The abbreviation stands for Eliminate Dangerous Doctors and while that may sound like a militaristic anti-vax cult, the reality is potentially even worse.
Putting us in a world where the medical profession is quickly deteriorating, our protagonist is a member of EDD, an organization that traps doctors suspected of medical malpractice and “eliminates” them. Elimination appears to mean anything from simply exposing and arresting them, to brutalizing or even executing the targets. And therein lies the fatal flaw: E.D.D. is in such a hurry to appear cool that the writing just feels kind of random.
It’s shooting for a more adult audience, but has characters with stupid catchphrases and storylines that feel pointlessly edgy. There is a bunch of torture and rape thrown in, but also this spiky-haired kid who is super badass and overpowered. Just the entire concept of a bunch of murderers that get to brutalize doctors who are all unreasonably evil feels so stupid. I joked about anti-vaxxers in the beginning, but the entire tone of E.D.D gives the impression that it was written by somebody with a severe hatred or fear for medical professionals.
E.T.O. is a manga of many ideas, but without the skill to tie them all together, the series as a whole ended up being a confusing and unsatisfying wreck. The story attempts to juggle the arcs of 11 main characters, all of them animal-themed ninjas who are destined to do battle with giant insect monsters. The concept is pretty weak and the cast of characters is too spread out to make any of them exactly memorable.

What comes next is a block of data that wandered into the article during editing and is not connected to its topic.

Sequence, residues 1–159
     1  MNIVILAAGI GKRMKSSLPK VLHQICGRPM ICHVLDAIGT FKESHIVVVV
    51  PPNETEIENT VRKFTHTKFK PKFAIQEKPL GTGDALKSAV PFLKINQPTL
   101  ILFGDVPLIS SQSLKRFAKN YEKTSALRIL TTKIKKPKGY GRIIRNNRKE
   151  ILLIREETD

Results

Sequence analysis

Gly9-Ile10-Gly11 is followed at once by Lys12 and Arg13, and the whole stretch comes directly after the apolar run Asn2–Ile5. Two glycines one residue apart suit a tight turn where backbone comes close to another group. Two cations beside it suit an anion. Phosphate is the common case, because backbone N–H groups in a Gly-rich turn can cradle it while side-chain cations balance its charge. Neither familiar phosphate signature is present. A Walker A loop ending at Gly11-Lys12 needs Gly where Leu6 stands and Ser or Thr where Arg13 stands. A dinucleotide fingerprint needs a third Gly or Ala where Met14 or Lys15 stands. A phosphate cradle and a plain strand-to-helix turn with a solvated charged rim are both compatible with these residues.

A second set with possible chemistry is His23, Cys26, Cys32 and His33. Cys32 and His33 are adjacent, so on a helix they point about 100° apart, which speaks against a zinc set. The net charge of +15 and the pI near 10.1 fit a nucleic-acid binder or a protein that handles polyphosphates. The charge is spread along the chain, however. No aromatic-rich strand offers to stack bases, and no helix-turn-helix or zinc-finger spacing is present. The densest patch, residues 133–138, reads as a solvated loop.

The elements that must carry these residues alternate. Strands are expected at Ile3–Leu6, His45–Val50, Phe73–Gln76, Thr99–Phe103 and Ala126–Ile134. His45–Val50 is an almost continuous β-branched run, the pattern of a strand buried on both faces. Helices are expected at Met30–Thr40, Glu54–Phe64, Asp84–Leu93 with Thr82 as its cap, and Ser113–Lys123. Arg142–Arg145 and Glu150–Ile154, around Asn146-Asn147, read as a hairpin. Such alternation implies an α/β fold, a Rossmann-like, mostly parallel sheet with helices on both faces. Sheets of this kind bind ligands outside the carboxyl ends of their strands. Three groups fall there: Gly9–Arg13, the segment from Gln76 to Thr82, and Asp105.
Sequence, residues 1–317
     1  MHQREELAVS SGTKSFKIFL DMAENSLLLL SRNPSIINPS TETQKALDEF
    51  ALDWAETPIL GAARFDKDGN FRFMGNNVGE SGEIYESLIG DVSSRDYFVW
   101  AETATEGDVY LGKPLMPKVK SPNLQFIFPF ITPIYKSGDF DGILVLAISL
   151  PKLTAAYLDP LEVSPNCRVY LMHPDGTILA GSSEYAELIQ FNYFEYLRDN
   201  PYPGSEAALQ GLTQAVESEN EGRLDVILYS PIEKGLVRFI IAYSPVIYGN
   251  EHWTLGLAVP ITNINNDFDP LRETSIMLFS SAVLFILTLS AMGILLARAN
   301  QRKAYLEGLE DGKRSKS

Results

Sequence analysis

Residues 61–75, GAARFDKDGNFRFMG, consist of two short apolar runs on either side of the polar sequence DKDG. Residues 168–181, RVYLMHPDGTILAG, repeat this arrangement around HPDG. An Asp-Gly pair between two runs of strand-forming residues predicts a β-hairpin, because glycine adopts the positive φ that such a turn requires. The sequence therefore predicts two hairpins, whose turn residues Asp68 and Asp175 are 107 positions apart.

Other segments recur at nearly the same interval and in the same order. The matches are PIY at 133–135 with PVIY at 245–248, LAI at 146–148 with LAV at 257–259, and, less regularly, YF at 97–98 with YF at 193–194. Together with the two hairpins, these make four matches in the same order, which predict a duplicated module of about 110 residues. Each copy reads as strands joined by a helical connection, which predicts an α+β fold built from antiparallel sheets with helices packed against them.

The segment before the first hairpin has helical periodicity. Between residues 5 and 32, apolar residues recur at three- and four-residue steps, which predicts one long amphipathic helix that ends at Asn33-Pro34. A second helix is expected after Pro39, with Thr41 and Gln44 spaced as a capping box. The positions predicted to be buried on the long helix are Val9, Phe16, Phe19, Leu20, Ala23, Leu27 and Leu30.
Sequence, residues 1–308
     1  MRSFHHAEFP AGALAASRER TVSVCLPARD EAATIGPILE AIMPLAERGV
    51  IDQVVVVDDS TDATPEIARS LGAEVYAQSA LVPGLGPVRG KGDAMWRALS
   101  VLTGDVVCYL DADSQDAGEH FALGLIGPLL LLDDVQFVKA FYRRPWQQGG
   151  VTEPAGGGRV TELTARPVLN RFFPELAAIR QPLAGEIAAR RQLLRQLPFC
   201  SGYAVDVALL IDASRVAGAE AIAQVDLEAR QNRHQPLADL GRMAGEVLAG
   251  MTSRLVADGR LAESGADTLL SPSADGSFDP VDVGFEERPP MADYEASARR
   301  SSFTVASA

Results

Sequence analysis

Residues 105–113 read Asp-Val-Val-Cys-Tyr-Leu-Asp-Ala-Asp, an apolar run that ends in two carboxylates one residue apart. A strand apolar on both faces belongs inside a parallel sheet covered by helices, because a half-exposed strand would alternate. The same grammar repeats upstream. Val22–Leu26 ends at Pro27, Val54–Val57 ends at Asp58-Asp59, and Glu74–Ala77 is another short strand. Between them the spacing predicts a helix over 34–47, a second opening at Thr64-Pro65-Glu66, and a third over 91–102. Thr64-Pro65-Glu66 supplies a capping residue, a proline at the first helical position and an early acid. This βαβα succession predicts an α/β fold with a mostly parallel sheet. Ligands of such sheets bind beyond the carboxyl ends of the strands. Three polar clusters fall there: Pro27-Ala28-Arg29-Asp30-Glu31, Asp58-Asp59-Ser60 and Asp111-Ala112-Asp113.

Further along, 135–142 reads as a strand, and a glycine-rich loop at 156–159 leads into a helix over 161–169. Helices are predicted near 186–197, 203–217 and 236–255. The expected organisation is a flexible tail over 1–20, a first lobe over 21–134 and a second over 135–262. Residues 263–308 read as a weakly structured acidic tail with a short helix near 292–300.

E.T.O. is a story that mostly just stumbles towards a conclusion. It throws in story threads that are entirely pointless or unexplained, character arcs are abandoned, villains forgotten, it doesn’t even have some good comedy or character interactions to make up the difference. In fact, many characters look terribly similar and that made keeping track of relations and roles even more difficult.
In its defense, this manga at least had the courtesy to end the story rather than canceling it midway through.
Eagle: The Making of an Asian-American President
Years before Obama would win his Presidential election, Eagle presented us with a manga about a Japanese-American senator as he attempts to become president of the United States.
That senator is Kenneth Yamaoka, a Vietnam war veteran and democratic idealist who wishes to carry America into the 21st century. Writer Kaiji Kawaguchi takes the readers through the inner workings of the American political system and works in a ton of references to political talking points. Chapters can be about challenges like Yamaoka upsetting militarists by speaking out against the Vietnam War or facing opposition from racist extremist groups. It’s an intriguing journey to follow, even if Yamaoko comes off as a little too unbeatable. I certainly would have appreciated it if he faced more opposition on his rise to the very top.